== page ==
Thursday, June 4, 2015


By Tom Gumbrecht               Originally published in Horse Directory Magazine, June 2015

The list of uncomfortable changes that I've gone through in my life with horses is an extensive one. To the casual observer, it might seem like some really bad luck in copious quantities. Here are a few highlights:

Circus gave the author many firsts,
including his first unintentional dismount.
The first seems so minor now, but it felt like a big deal when it happened. I began riding at a lesson/ show barn. I enjoyed my lessons and free riding on the flat, but I kept exploring the far reaches of the property during cool-down, secretly always wanting to canter the vineyards across the street. I finally talked my trainer into taking me over there, and within the first minute my horse got spooked and after a bad spin I hit the ground and my horse high-tailed it back to the barn, crossing an active roadway in the process. I emerged from my first unintentional dismount ok physically, as was the horse, but I was riddled with guilt for having pushed and pushed to do something that ultimately put a horse in danger. I vowed to never leave the safety of the property again.

The next episode was a tough one. I had slowly become part of the horse culture, if not yet the show culture, of the wonderful barn where I had learned to ride. It was my first exposure to a barn family and I was accepted into it. Life was good. And one day it all changed when the owners made the decision to relocate out of state. The farm was sold as a non-horse property and the horse facilities were dismantled. My comfort zone and new-found barn family just evaporated. My riding life was over.

In another instance I found myself in a rough board situation, sharing a horse with a very experienced owner who no longer rode. I had almost unlimited access to a really good horse, a wealth of knowledge at my fingertips and magnificent trails on an adjoining preserve that no one else used or even knew about, for the price of some hay. All this within 10 minutes of my western Long Island workplace! It seemed to be too good to be true, and I guess it was. There developed some conflict at this little barn that ultimately made the arrangement unworkable. With a heavy heart I had to say goodbye to what seemed like paradise.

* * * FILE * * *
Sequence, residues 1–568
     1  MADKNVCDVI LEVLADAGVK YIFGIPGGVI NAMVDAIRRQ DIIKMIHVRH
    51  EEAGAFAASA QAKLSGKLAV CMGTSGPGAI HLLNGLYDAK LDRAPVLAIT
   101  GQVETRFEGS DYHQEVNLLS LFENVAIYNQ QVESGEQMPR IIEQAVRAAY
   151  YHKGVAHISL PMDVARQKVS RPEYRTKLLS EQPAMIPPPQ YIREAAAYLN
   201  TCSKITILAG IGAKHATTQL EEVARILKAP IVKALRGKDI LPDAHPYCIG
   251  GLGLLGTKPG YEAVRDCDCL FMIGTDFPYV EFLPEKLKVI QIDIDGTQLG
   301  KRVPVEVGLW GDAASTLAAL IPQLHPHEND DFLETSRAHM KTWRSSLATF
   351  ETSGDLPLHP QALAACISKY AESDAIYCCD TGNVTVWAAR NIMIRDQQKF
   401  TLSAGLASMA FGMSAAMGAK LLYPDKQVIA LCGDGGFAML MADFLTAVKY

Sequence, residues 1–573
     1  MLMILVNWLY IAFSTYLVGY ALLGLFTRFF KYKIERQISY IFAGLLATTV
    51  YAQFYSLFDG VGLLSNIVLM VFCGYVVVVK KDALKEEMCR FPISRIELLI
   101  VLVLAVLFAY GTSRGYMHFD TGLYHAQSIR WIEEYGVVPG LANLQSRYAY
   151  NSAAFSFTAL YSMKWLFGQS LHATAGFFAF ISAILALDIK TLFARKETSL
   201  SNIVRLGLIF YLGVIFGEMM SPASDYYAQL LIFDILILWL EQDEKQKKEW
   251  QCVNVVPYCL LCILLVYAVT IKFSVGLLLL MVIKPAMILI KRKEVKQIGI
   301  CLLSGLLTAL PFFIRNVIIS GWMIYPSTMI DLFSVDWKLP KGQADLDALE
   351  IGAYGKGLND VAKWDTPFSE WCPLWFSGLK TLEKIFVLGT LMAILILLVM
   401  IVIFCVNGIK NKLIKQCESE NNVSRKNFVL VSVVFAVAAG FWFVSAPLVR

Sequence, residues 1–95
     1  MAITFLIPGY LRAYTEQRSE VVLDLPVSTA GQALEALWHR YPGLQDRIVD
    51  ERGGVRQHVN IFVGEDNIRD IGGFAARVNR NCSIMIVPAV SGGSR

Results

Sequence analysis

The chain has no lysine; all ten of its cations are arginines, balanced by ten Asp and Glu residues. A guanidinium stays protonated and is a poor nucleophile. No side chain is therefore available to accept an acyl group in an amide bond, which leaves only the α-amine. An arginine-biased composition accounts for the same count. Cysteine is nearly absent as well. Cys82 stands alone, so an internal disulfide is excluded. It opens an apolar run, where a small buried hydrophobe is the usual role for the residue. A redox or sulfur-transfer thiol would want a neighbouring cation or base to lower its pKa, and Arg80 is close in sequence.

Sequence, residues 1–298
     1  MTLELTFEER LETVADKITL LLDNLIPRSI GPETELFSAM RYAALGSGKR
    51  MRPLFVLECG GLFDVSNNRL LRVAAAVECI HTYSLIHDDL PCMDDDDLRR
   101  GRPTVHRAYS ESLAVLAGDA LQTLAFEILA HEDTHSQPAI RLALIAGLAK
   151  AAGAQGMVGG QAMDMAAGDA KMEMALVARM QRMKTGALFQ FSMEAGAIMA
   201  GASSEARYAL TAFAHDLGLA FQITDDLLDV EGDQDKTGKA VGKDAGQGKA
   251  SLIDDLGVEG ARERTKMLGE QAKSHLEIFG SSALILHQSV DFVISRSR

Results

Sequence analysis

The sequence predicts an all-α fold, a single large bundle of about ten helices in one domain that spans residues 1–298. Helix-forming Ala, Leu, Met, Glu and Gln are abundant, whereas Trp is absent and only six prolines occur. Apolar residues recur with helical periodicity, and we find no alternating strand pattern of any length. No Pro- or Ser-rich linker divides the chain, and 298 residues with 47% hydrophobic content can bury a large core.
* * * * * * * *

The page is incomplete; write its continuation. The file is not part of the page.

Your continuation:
The first horse I ever actually owned was perfect for me. He had a great personality, and was older and
Buddy, the first horse owned by the
author, seen with mom Helen..
tolerated my frequent gaffes and miscues with aplomb. Although a senior, he still had plenty of spunk and gave me just enough of a challenge to make our rides interesting without being dangerous. We rode for three years when he got sick and could no longer be ridden. His illness was all-consuming, emotionally and financially. It felt like being on a roller coaster: the highs reached with short-lived improvements and the lows terrifying with more setbacks.